A dental drill or handpiece is a hand-held, mechanical instrument used to perform a variety of common dental procedures, including removing decay, polishing fillings, and altering prostheses. The handpiece itself consists of internal mechanical components which initiate a rotational force and provide power to the cutting instrument, usually a dental burr. The type of apparatus used clinically will vary depending on the required function dictated by the dental procedure. It is common for a light source and cooling water-spray system to also be incorporated into certain handpieces; this improves visibility, accuracy and overall success of the procedure.
High-speed handpieces work at cutting speeds over 180,000 rpm. They are technically categorised into Air Turbine and Speed-increasing depending on their mechanisms. In a clinical setting, however, Air turbine handpieces are most often referred to as "High-speeds". Handpieces have a chuck or collet, for holding a cutter, called a burr or bur.
The turbine is powered by compressed air at about 35 pounds per square inch (~2,4 bar), which passes up the centre of the instrument and rotates a windmill in the head of the handpiece. The centre of the windmill (chuck) is surrounded by bearing housing, which holds a friction-grip burr firmly & centrally within the instrument. Inside the bearing housing are small, lubricated ball-bearings (stainless steel or ceramic) which allow the shank of the burr to rotate smoothly along a central axis with minimal friction.
Failure of the burr to run centrally causes a number of clinical defects:
- The burr will judder; this will cause excessive, damaging vibrations leading to cracking and crazing in the material being cut. It is also an unpleasant experience for the patient.
- Eccentric cutting - this will result in irregular removal of the surface, meaning more tissue than necessary is removed.
- Decreased control - due to irregular cutting, it is more difficult for the Dentist to control movements
The friction produced by high-speeds creates significant heat within the burr. It is therefore critical for high-speed handpieces to have an effective water-cooling system.
Many modern handpieces now have a light in close proximity to the burr. The light is directed at the cutting surface as to assist with intra-operative vision.
Older handpieces used a system of halogen bulbs and fibre-optic rods, however, there are a number of disadvantages to this system: halogen bulbs deteriorate with time and are expensive to replace, and fibre-optic rods fracture easily if dropped and deteriorate during repeated autoclaving cycles.
More modern handpieces now use LED systems. Advantages of LEDs include a longer working life, more intense light and minimal heat production.
Electric motors cannot turn as fast as air turbines. To power a high-speed handpiece, gears are needed to increase the speed of an electric motor, often by a ratio of 1:5. For this reason, electric handpieces are also called speed-increasing handpieces, working at cutting speeds over 180,000 rpm.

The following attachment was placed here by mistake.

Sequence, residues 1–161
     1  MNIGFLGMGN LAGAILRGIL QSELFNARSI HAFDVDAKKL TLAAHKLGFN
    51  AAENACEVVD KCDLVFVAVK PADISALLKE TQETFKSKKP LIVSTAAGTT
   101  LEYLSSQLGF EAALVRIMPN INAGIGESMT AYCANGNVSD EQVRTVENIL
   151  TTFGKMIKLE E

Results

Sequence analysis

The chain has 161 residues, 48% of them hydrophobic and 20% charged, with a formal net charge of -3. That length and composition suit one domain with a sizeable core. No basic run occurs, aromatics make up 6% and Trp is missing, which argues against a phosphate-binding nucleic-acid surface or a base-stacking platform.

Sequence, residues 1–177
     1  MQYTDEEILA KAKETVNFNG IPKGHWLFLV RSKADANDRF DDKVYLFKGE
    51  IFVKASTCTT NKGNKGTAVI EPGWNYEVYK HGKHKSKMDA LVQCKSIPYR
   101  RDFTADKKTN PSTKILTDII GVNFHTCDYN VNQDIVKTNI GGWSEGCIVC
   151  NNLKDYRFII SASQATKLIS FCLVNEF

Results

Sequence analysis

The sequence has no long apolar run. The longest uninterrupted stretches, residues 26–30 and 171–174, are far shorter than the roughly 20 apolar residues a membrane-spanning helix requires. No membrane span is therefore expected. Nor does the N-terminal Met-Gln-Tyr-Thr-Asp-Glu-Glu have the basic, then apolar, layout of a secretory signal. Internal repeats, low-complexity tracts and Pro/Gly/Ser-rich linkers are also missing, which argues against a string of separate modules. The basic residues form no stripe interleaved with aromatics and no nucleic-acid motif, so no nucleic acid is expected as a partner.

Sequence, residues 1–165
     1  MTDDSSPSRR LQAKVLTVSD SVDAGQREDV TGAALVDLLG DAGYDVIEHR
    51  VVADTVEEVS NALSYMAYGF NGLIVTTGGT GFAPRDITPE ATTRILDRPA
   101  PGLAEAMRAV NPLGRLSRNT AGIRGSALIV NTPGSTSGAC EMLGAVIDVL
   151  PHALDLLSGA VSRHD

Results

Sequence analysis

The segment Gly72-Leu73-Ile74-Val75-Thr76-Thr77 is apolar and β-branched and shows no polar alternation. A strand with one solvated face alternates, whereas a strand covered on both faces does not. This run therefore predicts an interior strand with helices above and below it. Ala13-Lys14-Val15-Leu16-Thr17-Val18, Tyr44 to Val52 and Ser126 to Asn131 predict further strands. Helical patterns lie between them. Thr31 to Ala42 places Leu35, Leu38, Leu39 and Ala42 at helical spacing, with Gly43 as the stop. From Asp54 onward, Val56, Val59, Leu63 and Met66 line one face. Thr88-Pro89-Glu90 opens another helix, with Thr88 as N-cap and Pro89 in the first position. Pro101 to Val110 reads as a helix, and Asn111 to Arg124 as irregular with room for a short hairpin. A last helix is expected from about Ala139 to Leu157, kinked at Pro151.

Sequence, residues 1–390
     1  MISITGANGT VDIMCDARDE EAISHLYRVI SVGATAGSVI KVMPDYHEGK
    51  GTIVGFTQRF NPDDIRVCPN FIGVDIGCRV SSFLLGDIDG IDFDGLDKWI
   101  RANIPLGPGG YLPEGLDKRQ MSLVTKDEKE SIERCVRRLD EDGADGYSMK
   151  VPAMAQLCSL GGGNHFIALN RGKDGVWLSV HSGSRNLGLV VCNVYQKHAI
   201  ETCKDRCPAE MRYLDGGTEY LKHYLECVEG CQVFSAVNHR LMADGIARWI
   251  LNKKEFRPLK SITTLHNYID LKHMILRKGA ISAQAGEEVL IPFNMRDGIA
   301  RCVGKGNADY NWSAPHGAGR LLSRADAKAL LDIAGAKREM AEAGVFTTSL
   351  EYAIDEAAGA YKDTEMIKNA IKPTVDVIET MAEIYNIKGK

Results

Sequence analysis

- Speed-increasing handpiece is driven by electrical motor, also known as micromotor.
- The power to the handpiece is provided by the micromotor.
- Within the handpiece is internal gearings which allow the friction grip burr to rotate at a constant speed and torque.
- Therefore the power is provided by micromotor and internal gearings.
- Torque is the ability of burr to continually rotate and cut even when pressure is applied
- As the speed of a handpiece increases its torque subsequently decreases (slow-speed handpieces have high torque, whereas high-speed handpieces, like the air turbine system, have a low torque)
- The free running speed of 1:5 speed-increasing handpiece is the same as its cutting speed, thus 40,000 motor speed x5= 200,000 rpm burr speed.
- Electrical motor maintains the 200,000 rpm speed and provides consistent power so torque will be maintained.
Comparison of high speed and speed increasing handpiecesEdit
|High speed||Speed increasing|
|Type of burr used||Friction grip||Friction grip|
|Power source||Compressed air||Electric Micromotor|
|Motion of burr||Rotation & Pecking||Rotation only|
|Balance||Usually neutral||Motor end heavy|
Slow speed handpieceEdit
Slow speed handpieces work at a much slower rate that high speed and speed-increasing handpieces, and are usually driven by rotary vane motors, instead of air turbines. They work at a speed between 600 and 25,000 rpm. The internal gearings are very similar to that of a speed-increasing handpiece. The main difference between the two is that slow speed has internal gearing and they use a latch grip burr as opposed to a friction grip burr.
Indications for useEdit
Generally used for operative procedures such as the removal of dental caries or for polishing enamel or restorative materials. Straight slow speed handpiece is generally indicated for the extra oral adjustment and polishing of acrylic and metals.
Speed decreasing handpieceEdit
Designed to work at slower speeds.
Indications for useEdit